Fixed Income
Charlie Jamieson

After being told how well the trade negotiations between China and the US had been progressing, financial markets were shocked when Trump ordered additional tariffs against China after a complete breakdown in negotiations. Further to this, Trump also threatened additional tariffs against Mexico for purely political reasons around immigration, further... Show More

Macro
Charlie Jamieson

Global trade data has been slowing rapidly over 2019, but last week’s US employment report was a dire warning, and can expedite the US Federal Reserve (the Fed) towards rate cuts later this year. US employment was weaker at a headline level, with revisions and average hourly earnings also slipping... Show More

Expert Insights

While the decline in property prices has been orderly thus far, things could get rough from here, says Charlie Jamieson, Chief Investment Officer at Jamieson Coote Bonds. The missing ingredient to date has been forced selling. Jamieson says that it’s forced selling that can “expediates the entire cycle”, leading to... Show More

Expert Insights

Risk assets face an uncertain future as the Fed’s about-turn on monetary policy has left many investors wondering what’s next. However, according to Charlie Jamieson, Chief Investment Officer at Jamieson Coote Bonds, government bonds are well placed, with two clear pathways to a strong performance. On the one hand, a... Show More

Fund Manager Q&A
James Marlay

Do you remember last year when US 10-year government bonds cracked 3%? I do. Everyone started talking about flattening yield curves, a potential recession in the US and Jamie Dimon said the 10-year could hit 5%… Widely regarded as the risk-free rate used for the pricing of all other assets the... Show More

Expert Insights

The fed is now unwinding the biggest monetary experiment in history, which saw $3.6 trillion of asset purchases from the Fed between 2008 and 2015. This is unknown territory, so when we sat down with Charlie Jamieson, CIO at Jamieson Coote Bonds we took the chance to get his perspective.... Show More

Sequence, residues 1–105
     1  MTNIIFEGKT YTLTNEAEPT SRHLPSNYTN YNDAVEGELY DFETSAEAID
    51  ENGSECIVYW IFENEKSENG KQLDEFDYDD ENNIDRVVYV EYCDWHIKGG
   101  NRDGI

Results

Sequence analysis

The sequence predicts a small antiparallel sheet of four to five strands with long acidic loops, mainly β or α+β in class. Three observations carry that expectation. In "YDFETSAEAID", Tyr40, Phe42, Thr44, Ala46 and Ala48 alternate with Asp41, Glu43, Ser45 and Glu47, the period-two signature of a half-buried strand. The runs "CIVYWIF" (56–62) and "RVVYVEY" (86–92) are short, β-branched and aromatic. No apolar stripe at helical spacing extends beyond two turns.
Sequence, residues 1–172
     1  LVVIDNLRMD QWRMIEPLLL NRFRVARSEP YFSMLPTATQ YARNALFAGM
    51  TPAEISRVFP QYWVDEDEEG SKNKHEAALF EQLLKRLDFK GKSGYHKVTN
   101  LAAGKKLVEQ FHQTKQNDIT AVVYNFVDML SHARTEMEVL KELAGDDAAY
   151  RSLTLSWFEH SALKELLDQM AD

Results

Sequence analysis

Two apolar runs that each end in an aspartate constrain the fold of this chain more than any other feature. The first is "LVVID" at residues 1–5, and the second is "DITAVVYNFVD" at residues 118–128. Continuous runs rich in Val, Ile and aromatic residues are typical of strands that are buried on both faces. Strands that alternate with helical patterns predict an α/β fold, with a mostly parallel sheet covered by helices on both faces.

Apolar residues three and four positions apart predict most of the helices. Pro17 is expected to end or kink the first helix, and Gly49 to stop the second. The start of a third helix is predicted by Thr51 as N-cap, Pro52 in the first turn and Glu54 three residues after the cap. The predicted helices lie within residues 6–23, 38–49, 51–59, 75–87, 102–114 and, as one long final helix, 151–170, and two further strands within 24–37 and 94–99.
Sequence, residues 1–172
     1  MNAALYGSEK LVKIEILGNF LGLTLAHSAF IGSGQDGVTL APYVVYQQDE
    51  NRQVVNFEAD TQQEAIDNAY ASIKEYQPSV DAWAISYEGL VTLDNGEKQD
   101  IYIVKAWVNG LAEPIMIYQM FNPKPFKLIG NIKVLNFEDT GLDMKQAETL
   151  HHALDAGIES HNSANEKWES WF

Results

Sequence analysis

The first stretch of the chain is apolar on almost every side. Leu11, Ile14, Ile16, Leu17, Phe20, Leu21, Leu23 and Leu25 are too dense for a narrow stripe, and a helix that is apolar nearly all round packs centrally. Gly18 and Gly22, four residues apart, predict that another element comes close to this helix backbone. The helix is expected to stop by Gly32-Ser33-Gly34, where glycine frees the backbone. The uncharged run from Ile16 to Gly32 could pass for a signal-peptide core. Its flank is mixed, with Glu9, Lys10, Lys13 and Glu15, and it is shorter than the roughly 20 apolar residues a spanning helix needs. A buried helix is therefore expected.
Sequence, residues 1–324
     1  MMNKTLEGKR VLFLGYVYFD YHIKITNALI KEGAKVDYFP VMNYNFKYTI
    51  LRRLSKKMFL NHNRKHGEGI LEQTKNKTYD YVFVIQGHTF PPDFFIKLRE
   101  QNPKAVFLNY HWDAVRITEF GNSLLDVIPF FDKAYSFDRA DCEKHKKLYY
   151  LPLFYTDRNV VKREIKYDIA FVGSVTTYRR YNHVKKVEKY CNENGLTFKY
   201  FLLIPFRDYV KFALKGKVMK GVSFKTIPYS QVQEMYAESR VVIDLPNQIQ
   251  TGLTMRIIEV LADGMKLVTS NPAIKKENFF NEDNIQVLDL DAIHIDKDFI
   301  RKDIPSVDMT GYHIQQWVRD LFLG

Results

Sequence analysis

hi Lloyd, you could consider CC JCB Global Bond Fund. The ultimate assets are $USD priced high grade government bonds and we offer Australian investors two classes, AUD hedged and AUD unhedged with a no cost option to switch between classes at will, giving investors full flexibility to manage the currency exposure whilst benefiting from institutional FX conversion rates available to us as the manger. Further details are available on the website.

On The Fed is done hiking, US Treasuries should rally. Do you own any? We favour unhedged on currency -

Australian inflation has been below RBA mandate for all but one of the last twelve quarters. Any lift in inflation brings the RBA to hike which triggers a deflationary recession.

On Three Arguments Against a ‘Bondcano’ -

Andrew, CBs most certainly set short dated funding rates. Long dated rates are set by markets and inflation expectations. We are seeing a scenario currently where the market is forcing the FOMC hand. The market is addicted to stimulus and if CBs take it away the volatility will hardly be contained to fixed income. Fixed income will be the first asset class to go but if that decay is sustained that volatility will spread like wildfire. I agree with you. CBs are totally snookered. Look at what they do rather than say. QE1 ends, S&P drops 20% so they immediately launch QE2. That ends and S&P drops 19% so they go to twist. Talk of ending twist early and we have 'taper' tantrum so they immediately extend. Their is a policy floor at point (down 20%) let's hope data holds up so FOMC can deliver on all that chat and actually hike in Dec. I actually think bonds will rally after that, just like last Dec

On “Not a chance” of materially higher rates -

Angelo, one of the great benefits of bond investment is that returns are fixed at time of purchase. They can reval higher or lower over a bonds life, but assuming the credit quality of issuer is sound, the bonds provide income in all scenarios. You certainly don't have to realise losses.

On “Not a chance” of materially higher rates -